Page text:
The granite “towers” of Torres del Paine National Park – already splashed across outdoor magazines around the world – may soon become a regular feature of international academic journals, thanks to a concerted effort by the park’s administrators and Chile’s National Forestry Corporation (CONAF).
Over the course of 2012 the Patagonian biosphere reserve will be the site of 14 major research projects authorized by CONAF Magallanes, and Regional Director José Fernández Dübrock has emphasized that the institution is doing all it can to facilitate further academic studies.
“The results of these studies, on many occasions, contribute towards knowledge that permits us to better protect the flora and fauna of the Park,” Fernández told Punta Arenas based El Pingüino.
The majority of this year’s fourteen investigations are being undertaken by foreign universities, ranging from Stanford University in the U.S. to France’s Université de Grenoble. However, Chilean institutions such as the Universidad de Concepción, Universidad del Bío Bío and Universidad Austral de Chile are also all leading research projects.
Meanwhile, some of the investigations will be joint projects between Chilean and international research institutes and foundations. These include a study by the Wildlife Research Center of the Kyoto University in Japan and Chile’s Centro de Estudios Científicos which will investigate the retreat of the Tyndall Glacier, one of the largest glaciers in the Southern Patagonian Ice Field.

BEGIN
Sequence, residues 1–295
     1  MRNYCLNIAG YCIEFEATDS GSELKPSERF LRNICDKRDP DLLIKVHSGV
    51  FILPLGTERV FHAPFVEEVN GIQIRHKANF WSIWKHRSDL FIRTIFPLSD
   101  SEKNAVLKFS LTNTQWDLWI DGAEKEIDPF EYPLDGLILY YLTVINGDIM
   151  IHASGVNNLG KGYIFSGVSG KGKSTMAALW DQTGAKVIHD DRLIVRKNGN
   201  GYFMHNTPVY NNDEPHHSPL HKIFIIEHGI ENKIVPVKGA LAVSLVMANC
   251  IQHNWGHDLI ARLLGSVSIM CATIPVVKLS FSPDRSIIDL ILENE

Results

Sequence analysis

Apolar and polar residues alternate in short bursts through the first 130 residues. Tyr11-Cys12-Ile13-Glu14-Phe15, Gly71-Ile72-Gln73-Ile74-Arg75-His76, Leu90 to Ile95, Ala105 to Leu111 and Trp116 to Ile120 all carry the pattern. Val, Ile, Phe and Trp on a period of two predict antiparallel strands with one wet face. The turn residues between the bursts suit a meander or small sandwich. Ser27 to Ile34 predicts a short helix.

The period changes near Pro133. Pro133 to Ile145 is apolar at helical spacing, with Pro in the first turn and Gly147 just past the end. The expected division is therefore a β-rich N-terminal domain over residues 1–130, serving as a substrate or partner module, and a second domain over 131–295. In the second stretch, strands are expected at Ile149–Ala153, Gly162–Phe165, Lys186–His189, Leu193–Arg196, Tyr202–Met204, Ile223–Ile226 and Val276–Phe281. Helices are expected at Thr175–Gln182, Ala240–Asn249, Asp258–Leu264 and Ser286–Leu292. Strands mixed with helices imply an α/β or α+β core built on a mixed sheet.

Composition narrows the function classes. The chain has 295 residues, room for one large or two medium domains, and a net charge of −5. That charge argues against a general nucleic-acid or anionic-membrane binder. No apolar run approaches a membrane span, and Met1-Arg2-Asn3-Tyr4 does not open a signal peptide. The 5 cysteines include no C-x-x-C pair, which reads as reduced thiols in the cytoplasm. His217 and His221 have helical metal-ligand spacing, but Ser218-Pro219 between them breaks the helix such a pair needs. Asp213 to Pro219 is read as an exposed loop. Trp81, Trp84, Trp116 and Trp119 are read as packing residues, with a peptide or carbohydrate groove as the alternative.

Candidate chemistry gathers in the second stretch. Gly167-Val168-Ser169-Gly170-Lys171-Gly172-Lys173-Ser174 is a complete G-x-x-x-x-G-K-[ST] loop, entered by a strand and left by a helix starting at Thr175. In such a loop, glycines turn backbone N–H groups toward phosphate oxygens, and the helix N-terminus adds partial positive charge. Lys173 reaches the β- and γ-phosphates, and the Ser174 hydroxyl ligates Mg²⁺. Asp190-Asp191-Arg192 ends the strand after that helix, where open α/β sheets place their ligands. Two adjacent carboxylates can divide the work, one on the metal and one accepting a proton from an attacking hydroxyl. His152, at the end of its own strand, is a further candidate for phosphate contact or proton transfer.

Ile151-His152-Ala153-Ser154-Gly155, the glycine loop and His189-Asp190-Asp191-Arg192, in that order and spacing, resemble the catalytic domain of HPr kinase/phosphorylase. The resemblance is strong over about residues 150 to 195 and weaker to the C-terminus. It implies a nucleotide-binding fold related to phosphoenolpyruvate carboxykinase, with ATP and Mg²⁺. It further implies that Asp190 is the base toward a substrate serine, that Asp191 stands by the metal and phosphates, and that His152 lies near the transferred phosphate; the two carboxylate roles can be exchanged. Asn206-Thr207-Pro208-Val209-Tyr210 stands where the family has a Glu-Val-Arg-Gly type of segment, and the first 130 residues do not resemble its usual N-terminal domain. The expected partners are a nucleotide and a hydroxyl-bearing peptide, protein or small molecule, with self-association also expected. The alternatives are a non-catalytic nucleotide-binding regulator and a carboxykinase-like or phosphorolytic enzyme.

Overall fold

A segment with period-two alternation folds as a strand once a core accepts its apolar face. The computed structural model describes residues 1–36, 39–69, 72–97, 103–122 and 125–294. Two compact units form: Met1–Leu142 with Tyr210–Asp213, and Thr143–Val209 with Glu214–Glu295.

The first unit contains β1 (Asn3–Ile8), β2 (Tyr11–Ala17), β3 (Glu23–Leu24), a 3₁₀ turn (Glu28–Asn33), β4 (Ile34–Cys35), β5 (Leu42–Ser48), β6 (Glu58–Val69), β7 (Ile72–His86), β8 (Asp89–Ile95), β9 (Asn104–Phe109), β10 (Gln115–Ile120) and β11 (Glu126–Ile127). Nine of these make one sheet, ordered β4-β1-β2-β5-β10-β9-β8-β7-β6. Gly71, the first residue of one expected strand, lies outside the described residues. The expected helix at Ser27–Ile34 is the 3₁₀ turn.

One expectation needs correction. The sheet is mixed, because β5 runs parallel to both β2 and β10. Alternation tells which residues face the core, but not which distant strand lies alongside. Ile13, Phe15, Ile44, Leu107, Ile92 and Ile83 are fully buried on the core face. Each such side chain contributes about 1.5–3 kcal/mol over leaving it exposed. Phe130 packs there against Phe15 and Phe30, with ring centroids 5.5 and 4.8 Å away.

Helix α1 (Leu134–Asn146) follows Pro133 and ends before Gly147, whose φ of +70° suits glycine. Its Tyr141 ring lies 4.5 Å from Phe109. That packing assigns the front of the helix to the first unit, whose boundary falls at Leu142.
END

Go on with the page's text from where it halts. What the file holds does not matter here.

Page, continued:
Another – undertaken by the Universidad Autónoma de Madrid (España), la Universidad de Chile, and the Chilean government’s Agriculture and Livestock Service – will look at the “management and conservation of large vertebrates” on the fringes of the national park, and their interaction with primary producers in the region.
Three of the studies are being undertaken by the Environmental Association of Torres Del Paine (AMA Torres del Paine).
One will analyse the effects of recent wildfires on the park’s Andean Condor population, specifically in the Laguna Amarga, while another will register and map orchid populations. A third will catalogue all plant species found in the national park.
Other investigations will look at topics as diverse as paleontology, geology, hydrology and even a genetic study of the rare huemul, or South Andean Deer.
Guillermo Santana, administrator of the National Park, described the variety of this year’s projects as a major step toward making the park an international center of scientific research.
“It is positive for Torres del Paine because one of the reasons for having national parks is to provide facilities for scientific research,” Santana said. “With these regional, national and international studies, we are demonstrating to the scientific world the potential of the park and its ecosystems.”